2. Don’t qualify favorable facts. Be definitive; don’t using qualifiers such as: I think; I might have; it seems; I assume; possibly, or correct me if I am wrong, etc. Qualified answers are viewed as weak answers. It is acceptable to indicate certain assumptions must be made to answer a particular question or that a question poses an unrealistic hypothetical.

3. Never guess. If you are not sure of the answer to a question, do not guess. If you don’t know the answer, just say so. It is fine to say “I don’t remember” if that is a truthful answer. If you do not understand a question just say so until it is clear to you.

4. Don’t volunteer information. You are a witness not an educator. If the counsel asking questions does not have a good grasp of the case or the issues, it is not your job to fill in the gaps. Just answer the questions asked. You are not obligated to “help” direct the testimony. Similarly, don’t be lured into offering additional information if there is a time gap between your completed answer and the next question.

5. Don’t apologize. You have nothing to apologize for if you don’t understand or have the answer to a question – it is not your fault. You can only testify as to your knowledge and recollections. Resist the natural tendency to clarify counsel’s apparent confusion.

6. Take your time. Listen carefully to the whole question and consider your response before answering. The length of time you take to consider a particular question will not be reflected on the transcript. Finish your answers but don’t ramble. Take care to avoid providing a confusing response if interrupted during an answer.

7. Listen to objections. Stop and listen to your counsel if s/he objects to a question. This may be followed by specific instructions from your counsel either to answer a particular question or not. Be consistent even when asked the same or similar questions in several different ways in an attempt to obtain conflicting or more favorable answers.

8. Stay calm. Resist attempts to make you angry or excited. Avoid being drawn into an argument – keep your answers short and simple. You are at a deposition not a debate.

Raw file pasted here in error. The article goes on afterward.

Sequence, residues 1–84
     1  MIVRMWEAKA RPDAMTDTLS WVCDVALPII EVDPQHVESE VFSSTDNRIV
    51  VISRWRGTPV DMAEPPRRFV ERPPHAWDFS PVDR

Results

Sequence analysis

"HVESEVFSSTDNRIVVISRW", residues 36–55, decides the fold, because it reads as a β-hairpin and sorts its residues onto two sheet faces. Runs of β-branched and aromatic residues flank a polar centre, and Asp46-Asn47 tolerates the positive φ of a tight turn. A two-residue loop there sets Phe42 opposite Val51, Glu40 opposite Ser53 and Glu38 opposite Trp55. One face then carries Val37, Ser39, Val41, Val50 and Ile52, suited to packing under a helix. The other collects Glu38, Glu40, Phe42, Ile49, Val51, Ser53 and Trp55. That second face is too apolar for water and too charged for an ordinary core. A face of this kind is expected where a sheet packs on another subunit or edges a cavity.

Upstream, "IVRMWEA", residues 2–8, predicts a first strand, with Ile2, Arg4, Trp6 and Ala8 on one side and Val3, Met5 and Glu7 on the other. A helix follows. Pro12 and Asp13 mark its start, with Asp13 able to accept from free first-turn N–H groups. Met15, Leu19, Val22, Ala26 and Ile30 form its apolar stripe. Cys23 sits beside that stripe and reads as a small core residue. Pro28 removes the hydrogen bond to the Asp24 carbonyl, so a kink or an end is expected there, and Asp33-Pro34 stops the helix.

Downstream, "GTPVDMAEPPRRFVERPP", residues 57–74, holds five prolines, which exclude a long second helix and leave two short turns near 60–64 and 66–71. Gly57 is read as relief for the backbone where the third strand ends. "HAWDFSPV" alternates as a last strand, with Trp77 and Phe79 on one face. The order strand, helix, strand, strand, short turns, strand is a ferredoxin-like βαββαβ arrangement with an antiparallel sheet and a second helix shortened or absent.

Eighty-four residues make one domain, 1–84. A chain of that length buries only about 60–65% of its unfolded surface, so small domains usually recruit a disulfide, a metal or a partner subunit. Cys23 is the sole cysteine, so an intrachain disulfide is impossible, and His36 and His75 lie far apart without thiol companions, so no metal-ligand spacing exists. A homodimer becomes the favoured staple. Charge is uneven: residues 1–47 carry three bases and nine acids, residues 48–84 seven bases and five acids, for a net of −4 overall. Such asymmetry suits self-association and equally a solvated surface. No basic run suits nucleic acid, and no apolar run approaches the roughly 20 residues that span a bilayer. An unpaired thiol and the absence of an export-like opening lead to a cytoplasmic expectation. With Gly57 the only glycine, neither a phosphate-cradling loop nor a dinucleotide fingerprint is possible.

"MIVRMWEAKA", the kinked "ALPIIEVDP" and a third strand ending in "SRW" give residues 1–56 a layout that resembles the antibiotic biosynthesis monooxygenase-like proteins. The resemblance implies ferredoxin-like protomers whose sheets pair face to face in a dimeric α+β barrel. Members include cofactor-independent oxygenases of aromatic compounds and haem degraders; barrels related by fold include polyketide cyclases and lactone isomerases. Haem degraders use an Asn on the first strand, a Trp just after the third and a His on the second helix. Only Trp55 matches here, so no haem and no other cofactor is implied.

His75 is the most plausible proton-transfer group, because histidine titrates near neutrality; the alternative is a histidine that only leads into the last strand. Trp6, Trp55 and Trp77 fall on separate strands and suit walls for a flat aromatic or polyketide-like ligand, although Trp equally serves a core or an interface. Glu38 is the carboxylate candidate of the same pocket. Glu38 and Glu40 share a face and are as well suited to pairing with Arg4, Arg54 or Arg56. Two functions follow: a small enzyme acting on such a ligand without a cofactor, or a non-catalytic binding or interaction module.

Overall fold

9. No jokes. Testimony under oath is not the time for jokes, sarcastic remarks, or flippant answers. Be professional, speak clearly, and avoid non-verbal responses. Don’t engage in any idle chitchat with attendees before, during, or after the deposition. Put on your “game face” and don’t let an opponent’s friendly demeanor drop your guard.

10. Get a good night’s sleep. A deposition is hard work. Be well rested so you can stay sharp for the duration.

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Membership


Member Spotlight: Red Aviation – Georgetown, Texas

Red Aviation began as Challenger Spares & Support in 2001 providing airframe parts specifically for the Challenger Series of aircraft. Throughout the years, the product line and repair services have expanded to support the Global, Learjet, Falcon, and Gulfstream aircraft. The company’s customer base has also grown from working directly with operators and service centers to doing business with brokers, aviation management firms, insurers, and FBOs.

After extending several divisions and capabilities, Challenger Spares & Support rebranded to Red Aviation in 2012.

Red Aviation has quickly become an active member of ARSA, inviting Rep. John Carter (R-Texas) for a facility visit in August.

For more information, visit http://www.redaviation.aero.

Are you an ARSA member who would like to be in the “Member Spotlight?” If so, please contact Josh Pudnos at Josh.Pudnos@arsa.org.

Have You Seen This Person?

Each month, the hotline spotlights key regulatory, legislative, and business leaders making important contributions to the aviation industry. This month we look at Rep. Frank LoBiondo, R-N.J., chairman of the House Transportation & Infrastructure (T&I) Subcommittee on Aviation.